Winter ’16 wardrobe planning, Part 2: Closet inventory

Winter ’16 wardrobe planning, Part 2: Closet inventory

Here’s a thing I’ve never done before: Literally laid the contents of my closet out flat in front of me so I could see it all at once, albeit on my laptop screen in the form of tiny photos. Wow, helpful! This is not every single garment in my closet — it is only the items that are relevant to my getting dressed right now, in my current circumstances, season and frame of mind. Well, these things plus a handful of well-loved graphic tees that I do use for layering sometimes, plus a couple of dresses that may make an appearance once or twice this winter. But as I said yesterday, all I’m in the mood for right now is “jeans and a sweater” — the very rut I’ve been trying to break out of! But I’m trying to be realistic here. Not all of these things are being worn (or even up to being worn) at the moment, which I’ll address below, but this little exercise was immediately useful in the opposite way as well: I’m giving the hairy eyeball to anything that’s seasonally appropriate but didn’t make this cut. Those things need to find new homes!

So what do I have? Going across the rows from left to right, with an * indicating things that are either at end-of-life or not currently being worn for some reason. Store-bought garments are identified by origin. For the me-made garments, click through on any of the links for bigger pics/full details —

– Denim shirt-jacket (J.Crew c.2003)
– Black-and-white plaid flannel shirt (Uniqlo c.2011)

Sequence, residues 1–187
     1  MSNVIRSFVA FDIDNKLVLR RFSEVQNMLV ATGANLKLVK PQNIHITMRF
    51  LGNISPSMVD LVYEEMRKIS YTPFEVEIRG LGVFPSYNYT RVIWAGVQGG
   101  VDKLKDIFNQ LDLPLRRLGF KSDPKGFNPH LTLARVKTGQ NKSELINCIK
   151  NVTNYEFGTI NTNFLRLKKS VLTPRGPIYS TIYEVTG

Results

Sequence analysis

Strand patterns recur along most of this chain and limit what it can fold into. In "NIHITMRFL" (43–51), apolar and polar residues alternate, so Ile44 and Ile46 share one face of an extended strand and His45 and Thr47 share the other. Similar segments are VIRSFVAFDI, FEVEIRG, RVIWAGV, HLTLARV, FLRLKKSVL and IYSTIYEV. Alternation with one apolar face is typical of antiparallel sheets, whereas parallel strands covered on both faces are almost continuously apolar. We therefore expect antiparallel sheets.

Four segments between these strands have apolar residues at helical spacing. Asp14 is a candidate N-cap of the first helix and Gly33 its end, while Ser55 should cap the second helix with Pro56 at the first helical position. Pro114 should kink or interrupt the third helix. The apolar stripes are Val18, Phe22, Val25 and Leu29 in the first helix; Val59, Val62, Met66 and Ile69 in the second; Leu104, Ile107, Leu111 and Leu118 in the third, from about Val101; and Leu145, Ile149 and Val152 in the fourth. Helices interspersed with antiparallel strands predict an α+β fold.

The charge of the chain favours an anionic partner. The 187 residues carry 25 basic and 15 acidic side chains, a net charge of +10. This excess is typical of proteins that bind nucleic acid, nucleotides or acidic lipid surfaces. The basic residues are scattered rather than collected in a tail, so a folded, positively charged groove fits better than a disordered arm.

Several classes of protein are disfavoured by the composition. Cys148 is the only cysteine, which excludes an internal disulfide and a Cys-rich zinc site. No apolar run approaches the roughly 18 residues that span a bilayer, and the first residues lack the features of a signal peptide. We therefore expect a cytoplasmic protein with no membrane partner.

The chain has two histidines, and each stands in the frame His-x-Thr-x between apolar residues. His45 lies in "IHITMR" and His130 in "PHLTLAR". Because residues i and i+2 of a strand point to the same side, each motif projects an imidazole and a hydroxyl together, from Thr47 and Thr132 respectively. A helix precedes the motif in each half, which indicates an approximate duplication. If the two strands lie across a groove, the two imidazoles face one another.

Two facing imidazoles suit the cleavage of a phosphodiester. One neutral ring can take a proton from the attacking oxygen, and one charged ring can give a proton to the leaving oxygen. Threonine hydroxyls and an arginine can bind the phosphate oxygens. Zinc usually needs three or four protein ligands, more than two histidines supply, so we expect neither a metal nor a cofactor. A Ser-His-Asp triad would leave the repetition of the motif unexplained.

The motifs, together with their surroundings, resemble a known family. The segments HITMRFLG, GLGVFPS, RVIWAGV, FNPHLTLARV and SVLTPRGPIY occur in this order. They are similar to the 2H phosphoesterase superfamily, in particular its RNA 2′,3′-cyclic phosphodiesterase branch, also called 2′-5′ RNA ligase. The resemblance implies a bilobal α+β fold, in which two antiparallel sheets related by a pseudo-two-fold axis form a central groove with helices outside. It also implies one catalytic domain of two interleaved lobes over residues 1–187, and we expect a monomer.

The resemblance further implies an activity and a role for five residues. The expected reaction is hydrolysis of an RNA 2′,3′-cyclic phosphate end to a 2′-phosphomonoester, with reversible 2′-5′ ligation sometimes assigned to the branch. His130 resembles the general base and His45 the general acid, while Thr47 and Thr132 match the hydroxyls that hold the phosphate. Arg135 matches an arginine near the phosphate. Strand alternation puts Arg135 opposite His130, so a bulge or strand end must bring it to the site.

– Denim workshirt* (Madewell c.2012)
– Grey wool button-down (Fischer)
– Navy-and-black plaid heavy flannel button-down (Fischer)

The two wool Fischer shirts are US-made, bought last year when I was desperate for shirts with sleeves. They’re men’s shirts, as is the b/w plaid flannel, so they have to be worn sort of carefully if I don’t want to look like a dude. (I’m all about androgyny but it’s a fine line, especially if you’re mannish like me.) The denim shirt is probably my most-worn garment, has reached a state of overall transparency, and desperately needs to be replaced. I love the idea of sewing a replacement, but realistically I should look for a good known-origins option to buy. The navy-and-black one is more of an overshirt or shirt-jacket. No real needs in this category, although I am wanting a white shirt/top of some sort.

– Plaid cotton top (apparently never blogged)
Black hemp jersey muscle tee
Blue striped sleeveless top
Black silk gauze sleeveless top
– Chambray dot Endless Summer tunic (made by a friend)

These are all in heavy rotation, which makes me really happy since they’re all handmade — all good use of time and fabric. I also have the three Lakeside camisole tops I made over the summer, which are great layered under pullovers, but I’m short on pullovers to pull over them (see below). As I solve that, those will come into play. (Why not under cardigans? I prefer a higher neckline for that.) So I feel good about this category — there are things I’d like to add, especially the long-planned black/ivory stripe version of the sleeveless tee — but nothing I have to concern myself with between now and Spring.